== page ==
# Solving a Sudoku with 1 SQL-statement: the Model-clause

Solving a Suduku with one SQL-statement, is that possible? A lot of people won’t believe it, but yes, it can be done.
I did already a blog on Solving a Sudoku with Collections, but for this blog I used another aproach: the model clause. The model clause is introduced in Oracle 10g and, according to the documentation “brings a new level of power and flexibility to SQL calculations”. And that isn’t too much said! But how can you use it for solving Sudokus? Quit simple in fact , select it as a string from 81 characters from dual

```select '   56  2 ' ||
' 63      ' ||
'   2   37' ||
' 5    173' ||
'327  14  ' ||
'  1  9   ' ||
'6   7    ' ||
'    2 381' ||
'83       ' s
from dual```

```  model
reference xxx on
( select i, j, r
from dual
model
dimension by ( 1 i, 1 j )
measures ( 1 x, 1 y, 1 r )
rules
( x[for i from 1 to 81 increment 1, 1] = trunc( ( cv(i) - 1 ) / 9 ) * 9
, y[for i from 1 to 81 increment 1, 1] = mod( cv(i) - 1, 9 ) + 1
, r[for i from 1 to 81 increment 1, for j from 1 to 8 increment 1] = case when x[ cv(i), 1 ] + cv(j) < cv(i)
then x[ cv(i), 1 ] + cv(j)
else x[ cv(i), 1 ] + cv(j) + 1
end
, r[for i from 1 to 81 increment 1, for j from 9 to 16 increment 1] = case when y[ cv(i), 1 ] + ( cv(j) - 9 ) * 9 < cv(i)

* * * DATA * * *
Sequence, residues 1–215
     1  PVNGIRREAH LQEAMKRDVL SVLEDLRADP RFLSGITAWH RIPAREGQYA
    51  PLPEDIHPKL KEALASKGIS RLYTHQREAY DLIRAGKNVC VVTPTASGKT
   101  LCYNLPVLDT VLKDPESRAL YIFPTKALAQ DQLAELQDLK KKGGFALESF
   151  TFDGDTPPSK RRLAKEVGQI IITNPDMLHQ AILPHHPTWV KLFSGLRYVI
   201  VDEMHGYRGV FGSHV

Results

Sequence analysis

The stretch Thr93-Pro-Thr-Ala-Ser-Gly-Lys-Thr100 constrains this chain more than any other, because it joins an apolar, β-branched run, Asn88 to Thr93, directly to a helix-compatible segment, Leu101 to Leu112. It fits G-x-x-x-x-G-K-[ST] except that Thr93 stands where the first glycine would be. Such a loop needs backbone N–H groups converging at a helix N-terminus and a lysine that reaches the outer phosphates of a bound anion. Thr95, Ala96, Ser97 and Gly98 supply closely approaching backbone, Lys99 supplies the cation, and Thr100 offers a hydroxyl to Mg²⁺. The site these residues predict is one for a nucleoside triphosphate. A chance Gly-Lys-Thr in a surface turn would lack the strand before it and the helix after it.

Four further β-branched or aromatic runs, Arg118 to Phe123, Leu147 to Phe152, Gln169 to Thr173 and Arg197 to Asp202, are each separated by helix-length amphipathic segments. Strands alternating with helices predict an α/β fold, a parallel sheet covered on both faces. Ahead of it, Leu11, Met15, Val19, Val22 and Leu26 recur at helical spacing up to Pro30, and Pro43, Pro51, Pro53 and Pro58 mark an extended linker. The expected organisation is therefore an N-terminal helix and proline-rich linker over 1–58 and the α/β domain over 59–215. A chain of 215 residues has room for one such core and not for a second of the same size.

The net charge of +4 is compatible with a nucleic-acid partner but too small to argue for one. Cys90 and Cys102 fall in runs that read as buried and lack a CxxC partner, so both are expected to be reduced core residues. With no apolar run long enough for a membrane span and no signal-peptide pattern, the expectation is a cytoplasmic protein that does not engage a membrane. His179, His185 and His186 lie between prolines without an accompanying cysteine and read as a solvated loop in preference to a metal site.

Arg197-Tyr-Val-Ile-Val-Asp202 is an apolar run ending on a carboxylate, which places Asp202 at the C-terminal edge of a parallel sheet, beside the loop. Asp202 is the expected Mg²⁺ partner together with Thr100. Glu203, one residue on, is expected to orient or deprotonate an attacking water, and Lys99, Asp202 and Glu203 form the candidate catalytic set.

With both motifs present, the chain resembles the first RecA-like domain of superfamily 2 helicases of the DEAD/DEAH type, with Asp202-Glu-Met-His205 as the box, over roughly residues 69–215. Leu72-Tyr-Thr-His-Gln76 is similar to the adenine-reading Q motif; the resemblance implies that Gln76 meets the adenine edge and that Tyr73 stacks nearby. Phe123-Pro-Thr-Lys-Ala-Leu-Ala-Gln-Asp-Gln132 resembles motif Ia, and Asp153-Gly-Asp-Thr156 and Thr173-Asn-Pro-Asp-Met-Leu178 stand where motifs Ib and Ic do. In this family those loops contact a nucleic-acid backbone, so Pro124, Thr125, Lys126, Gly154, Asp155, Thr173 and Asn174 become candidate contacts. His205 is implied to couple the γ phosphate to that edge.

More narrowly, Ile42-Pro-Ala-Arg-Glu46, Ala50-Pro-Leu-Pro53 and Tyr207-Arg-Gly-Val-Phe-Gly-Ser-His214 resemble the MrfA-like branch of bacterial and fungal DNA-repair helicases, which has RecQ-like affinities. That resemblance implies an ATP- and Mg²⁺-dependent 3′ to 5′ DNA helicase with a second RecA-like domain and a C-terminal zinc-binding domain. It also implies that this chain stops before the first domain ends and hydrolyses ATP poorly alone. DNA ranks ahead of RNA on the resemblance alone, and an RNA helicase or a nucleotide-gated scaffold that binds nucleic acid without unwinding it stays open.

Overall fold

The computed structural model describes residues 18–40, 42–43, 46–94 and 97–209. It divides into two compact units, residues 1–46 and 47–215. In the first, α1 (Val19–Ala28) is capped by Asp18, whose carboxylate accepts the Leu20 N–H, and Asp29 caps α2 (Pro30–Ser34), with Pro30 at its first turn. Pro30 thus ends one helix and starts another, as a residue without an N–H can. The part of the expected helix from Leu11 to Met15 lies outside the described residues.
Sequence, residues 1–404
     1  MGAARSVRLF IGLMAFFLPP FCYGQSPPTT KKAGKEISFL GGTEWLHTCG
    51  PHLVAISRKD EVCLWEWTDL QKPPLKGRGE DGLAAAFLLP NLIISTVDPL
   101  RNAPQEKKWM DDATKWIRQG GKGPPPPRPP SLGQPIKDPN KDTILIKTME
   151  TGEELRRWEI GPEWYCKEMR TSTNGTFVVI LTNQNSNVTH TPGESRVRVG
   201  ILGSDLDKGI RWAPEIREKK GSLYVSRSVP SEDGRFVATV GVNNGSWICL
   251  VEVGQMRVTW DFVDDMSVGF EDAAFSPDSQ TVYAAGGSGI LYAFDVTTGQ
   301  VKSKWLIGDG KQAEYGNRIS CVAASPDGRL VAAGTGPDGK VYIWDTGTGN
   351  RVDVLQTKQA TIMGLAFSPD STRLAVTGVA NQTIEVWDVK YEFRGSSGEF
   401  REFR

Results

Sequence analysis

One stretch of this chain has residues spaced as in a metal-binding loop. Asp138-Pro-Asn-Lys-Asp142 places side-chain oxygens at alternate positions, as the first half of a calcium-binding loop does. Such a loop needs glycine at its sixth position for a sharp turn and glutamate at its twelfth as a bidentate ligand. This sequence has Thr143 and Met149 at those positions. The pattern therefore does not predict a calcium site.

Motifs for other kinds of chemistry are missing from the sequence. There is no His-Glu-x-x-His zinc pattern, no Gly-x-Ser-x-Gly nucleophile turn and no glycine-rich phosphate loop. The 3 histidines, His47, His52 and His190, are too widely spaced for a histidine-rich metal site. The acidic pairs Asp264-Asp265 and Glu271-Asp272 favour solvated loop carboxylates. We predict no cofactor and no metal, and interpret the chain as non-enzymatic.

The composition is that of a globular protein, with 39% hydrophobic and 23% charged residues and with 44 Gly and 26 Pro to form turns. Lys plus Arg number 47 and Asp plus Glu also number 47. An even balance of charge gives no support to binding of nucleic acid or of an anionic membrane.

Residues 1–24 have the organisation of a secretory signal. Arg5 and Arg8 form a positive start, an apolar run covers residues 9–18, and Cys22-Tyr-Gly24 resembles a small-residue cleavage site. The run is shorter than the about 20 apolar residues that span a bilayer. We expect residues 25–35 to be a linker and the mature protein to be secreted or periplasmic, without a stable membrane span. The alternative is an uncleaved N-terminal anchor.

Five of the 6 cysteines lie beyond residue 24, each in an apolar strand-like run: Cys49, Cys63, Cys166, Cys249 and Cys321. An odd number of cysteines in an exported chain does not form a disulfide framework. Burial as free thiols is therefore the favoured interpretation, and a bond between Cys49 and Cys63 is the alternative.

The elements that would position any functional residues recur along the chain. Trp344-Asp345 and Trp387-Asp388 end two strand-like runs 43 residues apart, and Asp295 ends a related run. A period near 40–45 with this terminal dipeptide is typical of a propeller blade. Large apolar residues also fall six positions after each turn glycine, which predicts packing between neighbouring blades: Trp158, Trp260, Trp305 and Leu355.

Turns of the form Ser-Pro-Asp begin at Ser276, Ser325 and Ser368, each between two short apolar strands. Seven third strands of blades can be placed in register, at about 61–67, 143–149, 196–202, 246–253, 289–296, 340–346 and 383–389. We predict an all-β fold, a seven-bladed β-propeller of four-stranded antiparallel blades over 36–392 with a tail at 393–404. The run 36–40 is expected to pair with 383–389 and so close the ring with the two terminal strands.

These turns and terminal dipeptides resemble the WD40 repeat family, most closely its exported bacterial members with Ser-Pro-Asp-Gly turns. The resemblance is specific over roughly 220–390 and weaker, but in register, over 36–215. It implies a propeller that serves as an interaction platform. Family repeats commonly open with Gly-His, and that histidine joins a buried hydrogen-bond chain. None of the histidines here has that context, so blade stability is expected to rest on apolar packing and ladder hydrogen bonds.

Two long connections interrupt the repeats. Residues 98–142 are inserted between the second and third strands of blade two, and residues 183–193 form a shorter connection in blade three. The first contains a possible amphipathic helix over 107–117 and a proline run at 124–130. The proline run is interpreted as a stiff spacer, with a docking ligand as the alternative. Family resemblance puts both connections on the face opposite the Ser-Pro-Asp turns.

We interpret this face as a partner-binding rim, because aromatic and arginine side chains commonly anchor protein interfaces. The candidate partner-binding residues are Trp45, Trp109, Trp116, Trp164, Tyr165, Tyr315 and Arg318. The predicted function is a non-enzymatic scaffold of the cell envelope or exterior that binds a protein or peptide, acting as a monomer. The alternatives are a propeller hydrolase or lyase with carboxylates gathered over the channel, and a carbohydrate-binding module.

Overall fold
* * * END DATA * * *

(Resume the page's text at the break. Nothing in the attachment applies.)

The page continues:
then y[ cv(i), 1 ] + ( cv(j) - 9 ) * 9
else y[ cv(i), 1 ] + ( cv(j) - 8 ) * 9
end
, r[for i from 1 to 81 increment 1, 17] = case mod( x[ cv(i), 1 ] / 9, 3 )
when 0 then x[ cv(i), 1 ] + 9
when 1 then x[ cv(i), 1 ] - 9
when 2 then x[ cv(i), 1 ] - 18
end + mod( y[ cv(i), 1 ], 3 ) + trunc( (y[ cv(i), 1 ] - 1) / 3 ) * 3 + 1
, r[for i from 1 to 81 increment 1, 18] = case mod( x[ cv(i), 1 ] / 9, 3 )
when 0 then x[ cv(i), 1 ] + 18
when 1 then x[ cv(i), 1 ] + 9
when 2 then x[ cv(i), 1 ] - 9
end + mod( y[ cv(i), 1 ], 3 ) + trunc( (y[ cv(i), 1 ] - 1) / 3 ) * 3 + 1
, r[for i from 1 to 81 increment 1, 19] = case mod( x[ cv(i), 1 ] / 9, 3 )
when 0 then x[ cv(i), 1 ] + 9
when 1 then x[ cv(i), 1 ] - 9
when 2 then x[ cv(i), 1 ] - 18
end + mod( y[ cv(i), 1 ] + 1, 3 ) + trunc( (y[ cv(i), 1 ] - 1) / 3 ) * 3 + 1
, r[for i from 1 to 81 increment 1, 20] = case mod( x[ cv(i), 1 ] / 9, 3 )
when 0 then x[ cv(i), 1 ] + 18